• Research: building on Biodynamic: burning through Mel Bartholomew's SFG, John Jeavons's Biointensive, now Brett Markham's MiniFarming. Double-digging seems like a lot of work compared to the no-till / lasagna gardening / ruth stout's "naked gardening granny"

Privileged in that we're able to stand on the shoulders of giants, but that still leaves the question, who's shoulders to stand on? It's personal. What works for you? Let me know in the comments below, or shoot me a note.

Note from Richard, a Farmer in Indiana

Hello, my name is Richard. I am a small produce farmer in Indiana. I've been seeing alot of tech answers to the grand solar minimum but what about some old solutions. We grow a small patch of American Indian corn for hominy, which can be eaten boiled, or ground into a flower. Mixed with black beans it makes a very hardy chili.

Flint corns are lower yielding but very hardy and have a shorter days to maturity then other types. We have found flour corns will mold or sprout on the plant during wet falls. We usually transplant the corn in the spring the cover with 6" of straw. We like to then plant long pie pumpkins between the corn in early june.

Long pie pumpkins are the hardiest and longest storing pumpkins we have grown.

Even completely neglected they will produce something. They are shaped like large zucchini and can be stored stacked like firewood.

Just wanted to share some thoughts from a small time vegetable farmer with a background in archaeology.

- Because of the gmo corn production around us we have been forced to grow our corn during bean years. It has allowed us to plan for a harvest in 1 out of 3 years. The dried hominy can be make into flour or boiled and used in soups or eaten plain.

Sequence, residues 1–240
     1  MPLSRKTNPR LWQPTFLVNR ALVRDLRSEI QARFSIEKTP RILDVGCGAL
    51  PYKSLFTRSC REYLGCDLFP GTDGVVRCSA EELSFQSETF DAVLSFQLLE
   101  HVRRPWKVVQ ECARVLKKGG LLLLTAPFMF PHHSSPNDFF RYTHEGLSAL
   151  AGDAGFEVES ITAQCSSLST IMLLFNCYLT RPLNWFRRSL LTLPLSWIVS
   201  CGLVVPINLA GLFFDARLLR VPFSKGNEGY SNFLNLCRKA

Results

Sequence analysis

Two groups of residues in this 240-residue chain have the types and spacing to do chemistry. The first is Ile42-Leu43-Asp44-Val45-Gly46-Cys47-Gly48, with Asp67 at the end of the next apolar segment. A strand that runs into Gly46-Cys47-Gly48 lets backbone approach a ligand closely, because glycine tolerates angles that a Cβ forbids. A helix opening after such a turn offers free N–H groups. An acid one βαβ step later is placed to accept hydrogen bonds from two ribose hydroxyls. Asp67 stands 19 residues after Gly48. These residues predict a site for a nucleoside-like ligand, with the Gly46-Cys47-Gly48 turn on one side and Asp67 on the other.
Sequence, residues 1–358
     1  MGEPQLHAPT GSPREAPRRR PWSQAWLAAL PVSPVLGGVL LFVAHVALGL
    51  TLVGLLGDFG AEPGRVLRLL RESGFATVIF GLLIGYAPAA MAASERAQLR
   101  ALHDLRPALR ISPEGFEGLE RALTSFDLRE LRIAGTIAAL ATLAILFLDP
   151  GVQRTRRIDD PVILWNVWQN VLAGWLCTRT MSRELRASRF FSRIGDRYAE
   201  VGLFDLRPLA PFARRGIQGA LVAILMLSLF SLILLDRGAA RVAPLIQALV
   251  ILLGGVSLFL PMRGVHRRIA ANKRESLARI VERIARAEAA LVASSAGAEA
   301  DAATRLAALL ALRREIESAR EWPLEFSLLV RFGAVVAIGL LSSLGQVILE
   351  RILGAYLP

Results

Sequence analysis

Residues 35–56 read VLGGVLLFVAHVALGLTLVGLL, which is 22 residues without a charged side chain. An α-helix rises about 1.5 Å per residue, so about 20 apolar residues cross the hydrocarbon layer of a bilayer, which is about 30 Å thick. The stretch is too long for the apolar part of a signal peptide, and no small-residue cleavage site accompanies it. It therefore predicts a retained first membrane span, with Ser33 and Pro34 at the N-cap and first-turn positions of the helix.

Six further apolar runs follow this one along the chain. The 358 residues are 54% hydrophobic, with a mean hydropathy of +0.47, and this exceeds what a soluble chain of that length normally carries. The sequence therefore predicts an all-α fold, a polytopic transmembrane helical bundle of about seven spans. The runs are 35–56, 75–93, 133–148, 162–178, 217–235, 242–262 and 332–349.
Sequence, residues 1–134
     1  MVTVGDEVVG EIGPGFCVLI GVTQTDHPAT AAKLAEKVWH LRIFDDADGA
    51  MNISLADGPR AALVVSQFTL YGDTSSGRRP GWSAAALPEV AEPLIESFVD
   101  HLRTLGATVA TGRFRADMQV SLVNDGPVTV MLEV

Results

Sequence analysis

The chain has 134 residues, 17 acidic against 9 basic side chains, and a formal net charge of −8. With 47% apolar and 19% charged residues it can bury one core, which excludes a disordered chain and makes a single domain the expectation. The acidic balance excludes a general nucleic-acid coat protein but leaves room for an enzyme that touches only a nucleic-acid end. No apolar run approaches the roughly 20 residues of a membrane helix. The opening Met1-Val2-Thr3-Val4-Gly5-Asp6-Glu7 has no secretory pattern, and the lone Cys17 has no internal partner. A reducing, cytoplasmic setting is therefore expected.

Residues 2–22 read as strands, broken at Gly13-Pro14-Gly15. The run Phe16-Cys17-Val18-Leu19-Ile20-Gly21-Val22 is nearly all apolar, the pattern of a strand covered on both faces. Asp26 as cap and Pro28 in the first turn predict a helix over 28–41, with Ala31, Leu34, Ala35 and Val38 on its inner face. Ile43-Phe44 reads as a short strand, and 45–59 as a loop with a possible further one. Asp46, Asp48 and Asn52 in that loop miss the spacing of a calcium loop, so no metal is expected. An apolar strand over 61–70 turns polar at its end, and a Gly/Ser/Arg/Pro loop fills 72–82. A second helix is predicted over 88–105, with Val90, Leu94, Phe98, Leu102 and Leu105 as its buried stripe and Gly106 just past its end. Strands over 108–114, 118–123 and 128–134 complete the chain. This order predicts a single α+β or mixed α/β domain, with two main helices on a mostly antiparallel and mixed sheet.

We have had so many weather extremes this growing season but most people see nothing out of the ordinary around us.

I wanted to pass on our insect observations. This year we have seen at least a 400 percent increase in Beatles. They seem to be targeting non-traditional crops however. Cucumber Beatles attacking green beans, lettuce, spring mix. We began seeing flea Beatles as early as February. Beatles of every type remain active as I write this both bennificial and non.

All of our bee hives have collapsed, we have a wild colony in one hive box. This is despite plentiful pollinator strips and a lawn of white clover.

Joe Ronn, on insects, notes:

"Well here in Indiana this summer was almost devoid of any insects.Very few bees or flies all summer.And frogs where are the frogs, they where few and far between this year.Spiders are another thing that doesn't live long this year,no food."

From a farmer in Oregon

Normally, fall just sort of gradually sneaks up on us.

Not this year. One day it was 95, and a few days later, frost was on the roof.

(via https://www.agweb.com/blog/beef-sheep-and-beer/suddenly-fall/ )

Viewer Question: How many lux (how much light) needed to grow Spirulina?

Best answer: see the light graph in this paper -- or at Spirulina:


Item of the Day: Anker 20,000mAh USB battery

I like to share items that I have noticed from my own experience are incred ibly useful on a near-daily basis, and so worthwhile:

Today, USB battery, small&light enough for the EDC, packs enough power to charge phone a few times over. I carry this plus a collapsable solar panel to charge it up.

Anker 20,000mAh battery, marked down from 80 to $40: http://amzn.to/2gG7hnq

Crop Focus: Brassica Oleracea

I promised this, never delivered. A little late now, but we'll do this today, and then start hitting more winter crops.